Teach the Facts

Leslie Diestelkamp
Rochelle, Illinois

Quite frequently we tell the world that the gospel consists of facts to be believed, commands to be obeyed and promises to be received. Yet, across that land, many, many Christians don't know the facts. They remember the commands they obeyed and they have some idea of the promised reward. And actually they may know those fundamental facts of the death, burial and resurrection of Christ. Yet, very often they cannot give a significant portrayal of the chronological and factual stories of the Bible.

To begin with, too many Christians have been weaned from the facts of the Old Testament. Because it is not our law today, it is often neglected even though it is really a very fundamental foundation for New Testament faith (see I Cor. 10:11). Children do not learn the Old Testament stories of faith and of failure, of obedience and of rebellion by drawing pictures and playing with crayons and crafts in the class period. And modern parents are too busy to take a few minutes each day to tell or read a Bible story. Likewise, adults often fail to learn and relearn the Bible facts, for their class material is prepared with the assumption that they already know those things.

If you think I am mistaken, the next time your class meets put away the books and lesson sheets and engage in a brief review of the chronological and geographical account from Adam to Christ - and be prepared for a shock! Ask about Seth. "Well, let's see, was he one of the twelve patriarchs or was he a butcher in the house of Pharaoh?" Ask, "Who was Deborah?" Some may think she was a beauty queen in Babylon while others may suppose she was a shepherd girl in the plains of Moab. Ask about Joseph. They may declare that he was the father of the twelve, and that the oldest of the twelve was Methuselah while the youngest was surely Abednego - or else John Mark!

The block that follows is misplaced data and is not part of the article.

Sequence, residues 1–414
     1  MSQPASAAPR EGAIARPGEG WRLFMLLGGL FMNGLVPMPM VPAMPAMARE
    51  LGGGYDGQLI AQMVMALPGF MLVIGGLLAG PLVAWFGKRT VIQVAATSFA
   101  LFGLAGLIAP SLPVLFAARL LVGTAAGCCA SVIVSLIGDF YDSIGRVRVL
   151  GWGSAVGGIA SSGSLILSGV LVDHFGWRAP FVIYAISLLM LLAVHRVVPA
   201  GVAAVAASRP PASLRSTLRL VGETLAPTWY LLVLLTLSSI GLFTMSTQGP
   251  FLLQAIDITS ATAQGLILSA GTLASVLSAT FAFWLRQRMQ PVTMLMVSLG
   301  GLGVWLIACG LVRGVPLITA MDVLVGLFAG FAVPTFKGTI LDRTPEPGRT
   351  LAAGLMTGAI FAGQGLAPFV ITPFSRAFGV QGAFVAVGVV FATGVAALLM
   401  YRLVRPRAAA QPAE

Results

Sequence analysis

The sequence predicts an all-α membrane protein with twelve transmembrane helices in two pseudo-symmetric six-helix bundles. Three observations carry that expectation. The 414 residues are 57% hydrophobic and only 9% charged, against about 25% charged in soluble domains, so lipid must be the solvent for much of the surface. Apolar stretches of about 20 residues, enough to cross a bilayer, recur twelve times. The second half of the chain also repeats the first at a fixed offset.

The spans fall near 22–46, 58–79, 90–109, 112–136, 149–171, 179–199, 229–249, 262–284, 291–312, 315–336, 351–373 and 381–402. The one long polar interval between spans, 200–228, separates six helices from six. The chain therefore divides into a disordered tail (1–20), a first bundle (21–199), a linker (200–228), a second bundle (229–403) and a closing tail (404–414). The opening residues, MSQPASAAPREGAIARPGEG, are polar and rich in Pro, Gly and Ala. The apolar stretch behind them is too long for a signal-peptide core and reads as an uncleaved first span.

You may say, "Oh, it isn't that bad." Well, almost. It is a very well known fact that many Christians don't know much about the actual characters and events of the Bible. Of course, if God should change his mind, his plan, his will and his word, and if he would send Jesus Christ to your town, to walk your streets, everyone would know him because they have seen his picture (?) ten thousand times! They know (?) that he is a tall, handsome man with a weak, pallid expression and long hair just like any woman wore in that day!

No, I am not opposing the use of some aids in teaching children, but I do believe much, much more time and emphasis needs to be put upon Bible stories and Bible facts both by teachers of children and of the adults. There is no substitute for a real working knowledge of the very words of the Bible, and too often this has been replaced by a very superficial understanding of little more than the first principles of salvation. An excellent aid to teaching and learning Bible stories is Hurlbut's Story of the Bible - good for young and old. Order from Truth Magazine Book Store.

May 1969